The pamphlet reads that “Soldiers may wear the ECWCS jackets and trousers as outer garments, to include the layer III fleece jacket, when authorized by the commander.”
The Army also issued guidance on the green Army fleece jacket, stating on its official U.S. Army uniform website that the green Army fleece jacket is authorized for wear with the OCP as an outer garment. Again, if commanders authorize it.
Lastly, the wear of the green or coyote brown Army fleece jacket should not be confused with the ECWCS GEN-II Parka liner which is also fleece and can be zippered onto the parka. It is solely a liner.
Confused? When in doubt, always check with the chain of command. If there is a uniform policy in a unit, senior enlisted leaders likely had a large part in developing it and it should be followed. Maybe your commander will authorize the Army fleece jacket to be worn as an outer garment, then again, maybe they won’t.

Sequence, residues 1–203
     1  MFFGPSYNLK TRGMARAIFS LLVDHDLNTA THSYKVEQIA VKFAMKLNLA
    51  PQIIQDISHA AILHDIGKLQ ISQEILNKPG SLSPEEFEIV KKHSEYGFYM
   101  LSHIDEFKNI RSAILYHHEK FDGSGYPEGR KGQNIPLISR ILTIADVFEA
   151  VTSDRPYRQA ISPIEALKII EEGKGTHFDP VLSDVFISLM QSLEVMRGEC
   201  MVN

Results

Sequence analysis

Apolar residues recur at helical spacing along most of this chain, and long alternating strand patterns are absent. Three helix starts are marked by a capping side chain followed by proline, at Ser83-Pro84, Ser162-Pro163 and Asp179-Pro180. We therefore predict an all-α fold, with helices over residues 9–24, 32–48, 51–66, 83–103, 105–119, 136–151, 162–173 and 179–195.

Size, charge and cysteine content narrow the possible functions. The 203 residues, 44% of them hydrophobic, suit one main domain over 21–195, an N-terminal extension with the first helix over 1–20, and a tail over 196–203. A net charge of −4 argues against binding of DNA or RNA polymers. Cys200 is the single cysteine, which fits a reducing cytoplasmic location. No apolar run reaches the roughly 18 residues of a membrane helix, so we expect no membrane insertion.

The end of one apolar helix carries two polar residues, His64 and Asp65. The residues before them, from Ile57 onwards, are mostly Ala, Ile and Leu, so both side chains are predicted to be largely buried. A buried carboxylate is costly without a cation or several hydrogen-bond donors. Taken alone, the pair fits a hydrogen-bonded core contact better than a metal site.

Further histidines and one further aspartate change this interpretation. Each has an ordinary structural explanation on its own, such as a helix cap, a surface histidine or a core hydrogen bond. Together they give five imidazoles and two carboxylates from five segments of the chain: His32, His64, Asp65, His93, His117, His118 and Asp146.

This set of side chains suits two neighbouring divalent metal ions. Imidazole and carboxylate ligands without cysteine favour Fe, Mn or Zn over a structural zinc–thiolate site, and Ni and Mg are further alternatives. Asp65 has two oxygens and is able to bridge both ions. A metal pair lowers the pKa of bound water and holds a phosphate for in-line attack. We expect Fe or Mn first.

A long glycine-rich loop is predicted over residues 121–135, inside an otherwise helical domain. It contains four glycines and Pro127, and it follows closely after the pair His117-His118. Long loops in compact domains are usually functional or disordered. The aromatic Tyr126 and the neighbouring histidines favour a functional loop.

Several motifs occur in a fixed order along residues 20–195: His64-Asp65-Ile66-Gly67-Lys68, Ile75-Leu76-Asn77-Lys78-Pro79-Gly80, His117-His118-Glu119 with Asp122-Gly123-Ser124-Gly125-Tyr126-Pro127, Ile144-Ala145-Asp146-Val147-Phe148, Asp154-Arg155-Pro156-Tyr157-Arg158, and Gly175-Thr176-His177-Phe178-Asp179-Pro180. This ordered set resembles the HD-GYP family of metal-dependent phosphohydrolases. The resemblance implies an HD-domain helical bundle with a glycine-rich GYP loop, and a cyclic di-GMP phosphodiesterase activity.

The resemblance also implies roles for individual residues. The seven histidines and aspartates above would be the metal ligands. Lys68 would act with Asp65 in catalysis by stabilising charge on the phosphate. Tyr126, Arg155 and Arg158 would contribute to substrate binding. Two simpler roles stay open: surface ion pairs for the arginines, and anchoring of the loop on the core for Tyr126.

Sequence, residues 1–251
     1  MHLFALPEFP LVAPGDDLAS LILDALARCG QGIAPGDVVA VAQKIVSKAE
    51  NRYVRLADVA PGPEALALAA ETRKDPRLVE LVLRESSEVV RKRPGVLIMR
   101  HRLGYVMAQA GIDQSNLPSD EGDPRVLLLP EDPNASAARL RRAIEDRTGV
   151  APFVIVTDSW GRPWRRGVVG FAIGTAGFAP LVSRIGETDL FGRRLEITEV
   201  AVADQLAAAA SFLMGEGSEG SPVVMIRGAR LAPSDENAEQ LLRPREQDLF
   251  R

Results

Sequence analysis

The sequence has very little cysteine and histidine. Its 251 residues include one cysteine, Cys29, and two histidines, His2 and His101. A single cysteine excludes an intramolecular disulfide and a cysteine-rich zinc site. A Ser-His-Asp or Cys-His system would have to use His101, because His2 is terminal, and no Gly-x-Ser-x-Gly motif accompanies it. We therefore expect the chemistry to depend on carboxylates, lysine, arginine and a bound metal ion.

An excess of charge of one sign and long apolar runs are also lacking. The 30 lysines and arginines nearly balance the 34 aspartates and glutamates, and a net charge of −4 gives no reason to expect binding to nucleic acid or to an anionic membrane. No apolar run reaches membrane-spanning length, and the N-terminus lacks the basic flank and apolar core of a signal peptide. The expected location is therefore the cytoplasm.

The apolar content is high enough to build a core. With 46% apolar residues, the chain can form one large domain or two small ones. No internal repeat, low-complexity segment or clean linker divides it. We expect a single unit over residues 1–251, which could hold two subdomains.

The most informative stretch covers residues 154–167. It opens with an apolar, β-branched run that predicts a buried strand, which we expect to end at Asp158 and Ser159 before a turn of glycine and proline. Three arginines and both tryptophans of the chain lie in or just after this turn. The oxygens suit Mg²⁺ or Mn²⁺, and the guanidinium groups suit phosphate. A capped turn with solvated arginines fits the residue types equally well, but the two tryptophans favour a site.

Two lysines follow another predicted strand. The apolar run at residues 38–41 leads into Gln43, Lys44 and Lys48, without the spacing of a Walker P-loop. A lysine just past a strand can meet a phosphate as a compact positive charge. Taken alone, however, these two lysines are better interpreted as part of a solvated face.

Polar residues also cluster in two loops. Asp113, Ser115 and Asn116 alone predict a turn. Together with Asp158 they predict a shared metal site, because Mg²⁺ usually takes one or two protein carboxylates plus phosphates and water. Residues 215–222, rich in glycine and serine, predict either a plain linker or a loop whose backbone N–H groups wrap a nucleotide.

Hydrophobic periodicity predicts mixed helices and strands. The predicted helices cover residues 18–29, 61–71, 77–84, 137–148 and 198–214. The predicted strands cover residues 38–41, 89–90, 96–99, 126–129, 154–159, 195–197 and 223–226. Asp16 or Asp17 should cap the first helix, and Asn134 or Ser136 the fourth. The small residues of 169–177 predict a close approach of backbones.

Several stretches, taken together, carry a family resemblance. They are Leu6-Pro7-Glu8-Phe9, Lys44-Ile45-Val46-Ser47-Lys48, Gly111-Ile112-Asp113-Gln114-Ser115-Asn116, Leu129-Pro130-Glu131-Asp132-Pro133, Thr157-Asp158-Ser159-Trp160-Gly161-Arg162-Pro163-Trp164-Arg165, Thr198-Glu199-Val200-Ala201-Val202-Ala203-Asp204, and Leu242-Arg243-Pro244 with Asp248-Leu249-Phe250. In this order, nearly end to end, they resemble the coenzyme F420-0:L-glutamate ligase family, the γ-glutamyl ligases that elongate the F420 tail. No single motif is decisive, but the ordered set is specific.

Whatever decision a commander makes regarding the Army fleece jacket, it will not stop uninformed or misinformed leaders from taking the opportunity to correct what they see is wrong using their interpretation of the pamphlet. The good thing here is that they are trying to do what is right.
Educate yourself and if the issue means that much to you, carry a copy of the page from Pamphlet 670-1 and educate others without being disrespectful or showing contempt. Today’s leaders are agile and good listeners. If the person being corrective isn’t someone who listens, take note of the person’s name and rank and have your unit leaders give them a call to share your unit’s policy.
One thing is certain, the Army fleece jacket is authorized as an outer garment as long as a commander authorizes it.